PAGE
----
NZXT Phantom 630 Review
Exterior: The Drive Bays
It's not very often we dedicate a whole section to the drive bays alone. However as you will see, with the numerous and flexible configuration options it was essential that we take the time to do this section justice. First up are the 5.25" bays, nothing that unusual here granted, but you do get tool free mechanisms, and none of that plastic clip nonsense, these boys are metal. Mounted on one side only, there's still the option to secure with screws if you wish.
It's when we come to look at the internal bays that things get a bit more interesting. On the face of it we have 8 bays, with each able to accept either a 3.52 or 2.5" drive. The bays are mounted vertically towards the front of the case with enough room between them and the front fan mount to mount a slim 120.2 radiator. at the top of the drive stack and facing inwards is a pivoting mount for a 120 or 140mm fan.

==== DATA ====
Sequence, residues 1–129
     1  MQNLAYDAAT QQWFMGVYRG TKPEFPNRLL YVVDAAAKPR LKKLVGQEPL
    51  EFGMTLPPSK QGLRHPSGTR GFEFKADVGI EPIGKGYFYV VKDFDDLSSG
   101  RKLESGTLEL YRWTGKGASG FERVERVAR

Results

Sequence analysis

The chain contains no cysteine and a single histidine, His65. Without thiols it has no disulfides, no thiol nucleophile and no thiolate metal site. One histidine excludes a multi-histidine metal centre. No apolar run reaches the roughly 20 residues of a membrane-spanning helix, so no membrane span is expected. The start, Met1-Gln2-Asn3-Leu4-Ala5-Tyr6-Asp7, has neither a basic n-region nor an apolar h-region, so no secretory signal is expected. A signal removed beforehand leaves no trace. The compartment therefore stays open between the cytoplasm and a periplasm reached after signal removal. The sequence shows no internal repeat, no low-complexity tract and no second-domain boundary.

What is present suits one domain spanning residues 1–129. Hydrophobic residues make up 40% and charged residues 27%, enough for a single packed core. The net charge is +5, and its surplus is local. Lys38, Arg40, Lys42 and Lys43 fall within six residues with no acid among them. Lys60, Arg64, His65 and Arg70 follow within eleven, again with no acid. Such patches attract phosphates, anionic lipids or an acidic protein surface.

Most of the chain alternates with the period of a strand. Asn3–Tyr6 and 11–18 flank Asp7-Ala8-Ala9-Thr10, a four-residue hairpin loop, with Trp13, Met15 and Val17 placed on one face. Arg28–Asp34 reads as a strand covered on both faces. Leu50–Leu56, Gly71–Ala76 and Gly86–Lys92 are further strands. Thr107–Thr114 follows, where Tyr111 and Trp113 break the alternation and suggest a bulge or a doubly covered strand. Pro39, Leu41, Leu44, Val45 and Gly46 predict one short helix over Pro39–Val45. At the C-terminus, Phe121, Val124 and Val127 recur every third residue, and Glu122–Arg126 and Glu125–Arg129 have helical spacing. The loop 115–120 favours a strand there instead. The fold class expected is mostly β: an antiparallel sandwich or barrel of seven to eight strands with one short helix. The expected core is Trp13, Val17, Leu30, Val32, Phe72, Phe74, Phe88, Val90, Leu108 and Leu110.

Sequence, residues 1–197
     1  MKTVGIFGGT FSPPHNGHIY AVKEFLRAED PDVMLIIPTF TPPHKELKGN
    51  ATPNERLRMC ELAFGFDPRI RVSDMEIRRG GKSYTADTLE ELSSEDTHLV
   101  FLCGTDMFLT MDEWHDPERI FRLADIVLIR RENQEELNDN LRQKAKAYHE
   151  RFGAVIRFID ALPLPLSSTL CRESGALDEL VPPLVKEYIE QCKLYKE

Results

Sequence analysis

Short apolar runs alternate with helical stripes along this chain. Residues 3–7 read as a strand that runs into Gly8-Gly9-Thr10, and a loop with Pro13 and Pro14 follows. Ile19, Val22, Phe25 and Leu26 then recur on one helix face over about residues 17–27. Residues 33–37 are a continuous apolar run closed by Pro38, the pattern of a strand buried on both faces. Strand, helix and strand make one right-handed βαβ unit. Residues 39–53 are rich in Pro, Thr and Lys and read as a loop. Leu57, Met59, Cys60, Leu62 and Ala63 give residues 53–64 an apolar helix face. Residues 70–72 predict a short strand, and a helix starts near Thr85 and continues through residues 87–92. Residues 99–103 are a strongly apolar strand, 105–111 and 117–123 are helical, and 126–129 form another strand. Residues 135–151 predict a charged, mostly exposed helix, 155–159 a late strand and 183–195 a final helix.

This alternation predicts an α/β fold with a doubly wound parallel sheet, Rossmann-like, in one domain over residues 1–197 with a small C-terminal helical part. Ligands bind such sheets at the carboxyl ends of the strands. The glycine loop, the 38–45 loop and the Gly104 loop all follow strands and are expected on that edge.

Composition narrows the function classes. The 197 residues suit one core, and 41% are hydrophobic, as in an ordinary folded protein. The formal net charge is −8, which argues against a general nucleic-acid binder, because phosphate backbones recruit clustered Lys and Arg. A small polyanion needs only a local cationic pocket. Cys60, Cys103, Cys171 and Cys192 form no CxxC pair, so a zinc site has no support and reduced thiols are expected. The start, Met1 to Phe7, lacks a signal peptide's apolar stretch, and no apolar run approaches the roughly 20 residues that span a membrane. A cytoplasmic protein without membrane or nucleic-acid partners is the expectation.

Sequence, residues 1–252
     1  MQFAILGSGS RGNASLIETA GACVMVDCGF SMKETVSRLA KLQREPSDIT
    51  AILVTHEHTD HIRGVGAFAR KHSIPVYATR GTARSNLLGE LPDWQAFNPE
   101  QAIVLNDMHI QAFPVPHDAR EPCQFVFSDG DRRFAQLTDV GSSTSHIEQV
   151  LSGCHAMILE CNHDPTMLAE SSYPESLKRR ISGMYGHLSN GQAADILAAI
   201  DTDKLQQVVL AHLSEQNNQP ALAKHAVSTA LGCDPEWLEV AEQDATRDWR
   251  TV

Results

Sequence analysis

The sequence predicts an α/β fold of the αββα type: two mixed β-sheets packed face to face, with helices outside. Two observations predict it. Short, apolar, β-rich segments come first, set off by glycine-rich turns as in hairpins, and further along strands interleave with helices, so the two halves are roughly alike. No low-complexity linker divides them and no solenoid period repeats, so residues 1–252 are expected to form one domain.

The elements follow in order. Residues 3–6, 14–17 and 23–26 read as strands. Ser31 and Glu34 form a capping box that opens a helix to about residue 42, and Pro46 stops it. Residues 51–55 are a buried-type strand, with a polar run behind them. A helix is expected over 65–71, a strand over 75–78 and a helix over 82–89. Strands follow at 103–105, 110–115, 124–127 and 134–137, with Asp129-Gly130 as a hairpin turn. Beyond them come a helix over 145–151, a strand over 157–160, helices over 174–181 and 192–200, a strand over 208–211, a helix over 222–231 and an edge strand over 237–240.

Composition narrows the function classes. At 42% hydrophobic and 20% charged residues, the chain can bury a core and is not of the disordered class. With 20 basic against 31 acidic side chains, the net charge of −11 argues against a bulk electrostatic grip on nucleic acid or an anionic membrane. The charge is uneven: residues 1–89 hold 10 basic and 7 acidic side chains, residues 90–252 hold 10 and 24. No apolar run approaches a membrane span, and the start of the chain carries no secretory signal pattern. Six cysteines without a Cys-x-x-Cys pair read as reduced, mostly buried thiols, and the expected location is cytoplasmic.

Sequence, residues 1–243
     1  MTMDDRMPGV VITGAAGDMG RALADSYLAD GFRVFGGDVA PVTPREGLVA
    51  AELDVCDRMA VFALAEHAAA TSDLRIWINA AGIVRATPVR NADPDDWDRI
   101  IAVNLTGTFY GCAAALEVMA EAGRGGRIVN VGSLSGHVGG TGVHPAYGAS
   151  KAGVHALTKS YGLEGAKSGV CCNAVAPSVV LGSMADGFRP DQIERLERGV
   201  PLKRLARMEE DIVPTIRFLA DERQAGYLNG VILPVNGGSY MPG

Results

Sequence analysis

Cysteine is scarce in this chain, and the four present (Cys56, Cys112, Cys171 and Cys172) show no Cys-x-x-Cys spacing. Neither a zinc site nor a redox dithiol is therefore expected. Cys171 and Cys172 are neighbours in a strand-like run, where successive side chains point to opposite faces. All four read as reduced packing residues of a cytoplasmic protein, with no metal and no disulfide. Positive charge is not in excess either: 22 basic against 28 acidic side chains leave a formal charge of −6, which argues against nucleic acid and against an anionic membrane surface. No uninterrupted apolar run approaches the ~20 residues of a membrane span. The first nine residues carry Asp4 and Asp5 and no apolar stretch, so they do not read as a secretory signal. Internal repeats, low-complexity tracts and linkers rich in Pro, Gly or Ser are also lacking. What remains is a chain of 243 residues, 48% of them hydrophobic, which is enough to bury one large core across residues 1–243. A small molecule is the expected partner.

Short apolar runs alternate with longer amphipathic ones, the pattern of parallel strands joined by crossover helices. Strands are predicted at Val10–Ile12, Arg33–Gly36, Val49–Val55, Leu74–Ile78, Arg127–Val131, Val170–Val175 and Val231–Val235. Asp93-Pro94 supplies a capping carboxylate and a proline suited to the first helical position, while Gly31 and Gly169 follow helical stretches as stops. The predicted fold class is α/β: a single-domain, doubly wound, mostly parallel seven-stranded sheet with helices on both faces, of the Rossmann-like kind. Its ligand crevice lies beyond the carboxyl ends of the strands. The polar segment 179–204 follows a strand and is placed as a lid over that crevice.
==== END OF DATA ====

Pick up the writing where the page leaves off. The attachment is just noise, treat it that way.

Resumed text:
What isn't perhaps immediately obvious is that the bays are modular in nature. Split into a triple, a double and single bay blocks the bays can be configured to best suit your needs, or removed entirely if you feel necessary. Grooves in a plate that itself can be removed to allow 120.2 or 140.2 radiators to be placed in the base of the case provide a secure location for the bays, as to similar grooves on the underneath of the 5.25" bays and on each of the bay units.
Below we've shown various configurations that allow for the accommodation of longer GPUs in the primary and/or secondary slots, as well as configurations that allow easy tubing routing for a front mounted radiator.
However you decide to configure your bays you'll be using the ubiquitous NZXT mounts. Perhaps a little flexible to be called truly robust, they do however do the job well, just be sure to remove all drives if you transport the case as even with no drives installed they will shake lose in transit.